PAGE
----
Thursday, May 21, 2009

Is everything that can be imagined real?

A couple of days ago, I went to see the Mythic Beasts special exhibition at the Canadian Museum of Civilization. It's a fascinating collection of artifacts and stories from around the world.

Now, I have previously written about beasts like unicorns that (probably) don't exist. What about the unicorn's cousin, Pegasus?
How can we talk about Pegasus? To what does the word 'Pegasus' refer? If our answer is, 'Something,' then we seem to believe in mystical entities; if our answer is, 'nothing', then we seem to talk about nothing and what sense can be made of this? Certainly when we said that Pegasus was a mythological winged horse we make sense, and moreover we speak the truth! If we speak the truth, this must be truth about something. So we cannot be speaking of nothing.
The quote—or perhaps it's a paraphrase—is from the Wikipedia entry for philosopher W.V. Quine. In the philosophy of language, this is known as the problem of empty names, and I stumbled on it yesterday by chance. But it reminded me of a curious quote I'd seen at the entrance to the exhibition:

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Blogger Ketan said...


Nice concept!

Though am not a philosopher, I felt, the Wikipedia article has considered an option too less. More specifically, both the questions--'what does Pegasus refer to?' and 'If we speak the truth, this must be truth about something(?)' can be answered by "hypothesis/piece of imagination/idea".

I've no problems accepting that one could come up with an entirely imaginary entity attributing characteristics (derived from day-to-day observation and maybe exaggerating them) to it such that that entity just doesn't exist.

And as a matter of convenience, we give proper names to the ideas. For instance one could say "hand with six fingers". Here, the ideas of 'hand', 'finger' and the number 'six' are all real, yet such a combination is unusual, but not nonexistent (polydactyly). If I choose to give it the proper name of 'xand', it won't face the same problem as 'Pegasus' with regard to the questions you'd asked above. If someone asks 'how many persons have hands with six digits?', we'll have a tangible and 'real' answer. And one would also be able to answer 'how many xands are there in the universe?'. Let's answer it arbitrarily as 6 millions. The question 'how many xands have ever existed in the Universe?' could also have a countable answer. The answer to the question--'how many Pegasus have ever been in the Universe?' would simply be "zero"! What's the big deal about it? Remember, here both the ideas--'horse' and 'wings' are real (hand, fingers and six), just that a combination of two is not known to exist.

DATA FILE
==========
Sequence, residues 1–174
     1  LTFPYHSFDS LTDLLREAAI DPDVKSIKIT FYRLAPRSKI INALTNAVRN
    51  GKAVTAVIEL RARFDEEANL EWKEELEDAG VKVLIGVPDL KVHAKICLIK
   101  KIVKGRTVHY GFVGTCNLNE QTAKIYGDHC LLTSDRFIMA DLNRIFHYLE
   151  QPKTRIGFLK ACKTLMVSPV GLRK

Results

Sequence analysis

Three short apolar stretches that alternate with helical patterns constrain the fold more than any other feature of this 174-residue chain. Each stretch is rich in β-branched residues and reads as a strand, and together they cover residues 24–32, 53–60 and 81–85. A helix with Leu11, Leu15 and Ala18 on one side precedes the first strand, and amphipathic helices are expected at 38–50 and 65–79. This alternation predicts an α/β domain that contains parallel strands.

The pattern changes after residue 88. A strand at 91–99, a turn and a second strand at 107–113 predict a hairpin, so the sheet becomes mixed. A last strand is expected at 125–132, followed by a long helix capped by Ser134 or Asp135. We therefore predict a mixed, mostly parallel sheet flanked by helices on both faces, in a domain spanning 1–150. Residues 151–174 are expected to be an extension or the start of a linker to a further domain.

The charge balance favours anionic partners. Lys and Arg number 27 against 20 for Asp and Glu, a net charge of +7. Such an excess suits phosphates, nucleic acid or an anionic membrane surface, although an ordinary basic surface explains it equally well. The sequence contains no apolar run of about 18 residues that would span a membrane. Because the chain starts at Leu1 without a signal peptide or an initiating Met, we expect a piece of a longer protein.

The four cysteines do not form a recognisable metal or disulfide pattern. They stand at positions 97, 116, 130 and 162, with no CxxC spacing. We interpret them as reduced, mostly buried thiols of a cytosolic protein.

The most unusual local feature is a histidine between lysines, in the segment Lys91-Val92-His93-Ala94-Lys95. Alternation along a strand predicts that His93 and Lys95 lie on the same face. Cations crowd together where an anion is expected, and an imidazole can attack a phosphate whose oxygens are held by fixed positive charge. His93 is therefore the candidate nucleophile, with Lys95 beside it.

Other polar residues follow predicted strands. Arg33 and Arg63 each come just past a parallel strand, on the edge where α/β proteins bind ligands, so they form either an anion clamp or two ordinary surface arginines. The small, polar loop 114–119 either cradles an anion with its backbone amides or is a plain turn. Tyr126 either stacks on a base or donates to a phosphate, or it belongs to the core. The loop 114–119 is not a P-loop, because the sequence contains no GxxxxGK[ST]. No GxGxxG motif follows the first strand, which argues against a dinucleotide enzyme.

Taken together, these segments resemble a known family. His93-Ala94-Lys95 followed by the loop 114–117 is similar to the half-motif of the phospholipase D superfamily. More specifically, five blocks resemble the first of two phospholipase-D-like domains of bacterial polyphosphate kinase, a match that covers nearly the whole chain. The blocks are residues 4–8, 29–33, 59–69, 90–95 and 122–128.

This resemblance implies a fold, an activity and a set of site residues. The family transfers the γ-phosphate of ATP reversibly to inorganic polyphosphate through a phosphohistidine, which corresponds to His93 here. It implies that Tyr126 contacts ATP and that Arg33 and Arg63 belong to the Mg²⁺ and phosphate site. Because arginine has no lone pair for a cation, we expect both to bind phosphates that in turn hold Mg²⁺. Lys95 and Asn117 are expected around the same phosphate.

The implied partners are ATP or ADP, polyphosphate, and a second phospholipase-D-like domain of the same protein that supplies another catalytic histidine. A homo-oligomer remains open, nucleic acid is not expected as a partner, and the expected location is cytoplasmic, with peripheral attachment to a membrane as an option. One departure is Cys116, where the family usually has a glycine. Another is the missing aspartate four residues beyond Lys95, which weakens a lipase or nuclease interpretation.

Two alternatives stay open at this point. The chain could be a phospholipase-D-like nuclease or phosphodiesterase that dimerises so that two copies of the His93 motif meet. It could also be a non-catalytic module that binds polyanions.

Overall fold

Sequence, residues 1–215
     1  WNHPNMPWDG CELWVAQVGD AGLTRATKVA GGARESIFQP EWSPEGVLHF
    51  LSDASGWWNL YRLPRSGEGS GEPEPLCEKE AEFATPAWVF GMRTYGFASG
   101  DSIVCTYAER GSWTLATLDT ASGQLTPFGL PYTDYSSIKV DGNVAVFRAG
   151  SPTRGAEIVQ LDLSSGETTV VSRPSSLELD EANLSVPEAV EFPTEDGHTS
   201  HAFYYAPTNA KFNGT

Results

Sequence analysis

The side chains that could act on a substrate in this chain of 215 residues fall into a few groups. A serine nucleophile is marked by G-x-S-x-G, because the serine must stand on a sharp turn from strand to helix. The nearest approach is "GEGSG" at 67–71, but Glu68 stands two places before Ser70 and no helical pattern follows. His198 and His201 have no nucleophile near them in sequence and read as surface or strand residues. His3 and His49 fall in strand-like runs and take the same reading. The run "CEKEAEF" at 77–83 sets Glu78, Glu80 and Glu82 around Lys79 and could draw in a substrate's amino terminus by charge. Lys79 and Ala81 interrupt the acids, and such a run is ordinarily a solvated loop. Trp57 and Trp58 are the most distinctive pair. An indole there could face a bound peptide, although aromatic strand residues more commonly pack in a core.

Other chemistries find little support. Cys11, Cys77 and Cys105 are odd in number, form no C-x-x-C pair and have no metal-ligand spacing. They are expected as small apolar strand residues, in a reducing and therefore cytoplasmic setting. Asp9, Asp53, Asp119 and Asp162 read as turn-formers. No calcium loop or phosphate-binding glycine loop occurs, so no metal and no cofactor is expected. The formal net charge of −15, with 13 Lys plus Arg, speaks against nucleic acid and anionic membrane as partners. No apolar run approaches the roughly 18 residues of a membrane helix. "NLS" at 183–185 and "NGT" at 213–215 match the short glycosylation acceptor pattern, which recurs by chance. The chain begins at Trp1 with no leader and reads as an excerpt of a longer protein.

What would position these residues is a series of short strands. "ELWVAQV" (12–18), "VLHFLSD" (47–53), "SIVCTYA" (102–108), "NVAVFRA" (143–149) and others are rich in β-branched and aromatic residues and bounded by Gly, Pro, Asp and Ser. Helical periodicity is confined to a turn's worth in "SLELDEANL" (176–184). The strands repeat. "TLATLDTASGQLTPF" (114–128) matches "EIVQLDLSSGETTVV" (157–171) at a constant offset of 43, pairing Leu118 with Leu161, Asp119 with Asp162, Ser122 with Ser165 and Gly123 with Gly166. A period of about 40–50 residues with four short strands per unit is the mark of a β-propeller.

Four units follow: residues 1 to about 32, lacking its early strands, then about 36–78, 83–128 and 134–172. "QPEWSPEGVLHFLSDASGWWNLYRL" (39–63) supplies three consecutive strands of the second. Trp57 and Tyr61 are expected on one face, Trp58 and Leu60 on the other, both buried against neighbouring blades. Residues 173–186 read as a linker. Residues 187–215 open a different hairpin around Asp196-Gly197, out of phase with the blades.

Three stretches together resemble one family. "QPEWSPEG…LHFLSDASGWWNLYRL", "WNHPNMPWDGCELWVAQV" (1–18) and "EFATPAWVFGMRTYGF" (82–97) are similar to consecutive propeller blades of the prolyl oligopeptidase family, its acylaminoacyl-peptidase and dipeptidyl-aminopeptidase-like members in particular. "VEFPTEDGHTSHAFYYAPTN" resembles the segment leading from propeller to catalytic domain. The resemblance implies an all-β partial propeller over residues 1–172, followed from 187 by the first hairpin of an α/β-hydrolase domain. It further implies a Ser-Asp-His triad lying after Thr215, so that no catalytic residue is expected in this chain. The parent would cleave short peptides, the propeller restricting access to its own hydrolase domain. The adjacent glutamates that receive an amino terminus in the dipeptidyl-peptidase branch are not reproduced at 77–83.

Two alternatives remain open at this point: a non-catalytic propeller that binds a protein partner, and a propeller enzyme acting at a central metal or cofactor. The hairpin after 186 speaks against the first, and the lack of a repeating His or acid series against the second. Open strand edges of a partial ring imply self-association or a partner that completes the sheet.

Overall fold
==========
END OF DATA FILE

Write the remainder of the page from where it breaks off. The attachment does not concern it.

But I'm afraid I might have looked at the question too superficially considering such great philosophers have pondered over it! Do let me know what's flawed in my analysis, or if this was merely your attempt at humor, which I miserably failed to understand. ;)

Take care.

2:35 PM, June 15, 2009  
Blogger Nick Barrowman said...

Hi Ketan,

Thanks for your comment. Though I have sometimes claimed that I'm only joking half the time (but which half?), here I was just pointing out a curiosity.

The Wikipedia entry on empty name provides some help. In particular, "an empty name is a proper name that has no referent". That explains why "Pegasus" is the classic example of an empty name. Pegasus is a specific winged horse. But it's odd to be specific about something that doesn't exist. A proper noun after all is a noun representing a unique entity.

I think that's roughly the argument, although like you, I don't think I fully grasp it! I do like your six-fingered hand example though.

11:19 PM, June 16, 2009  
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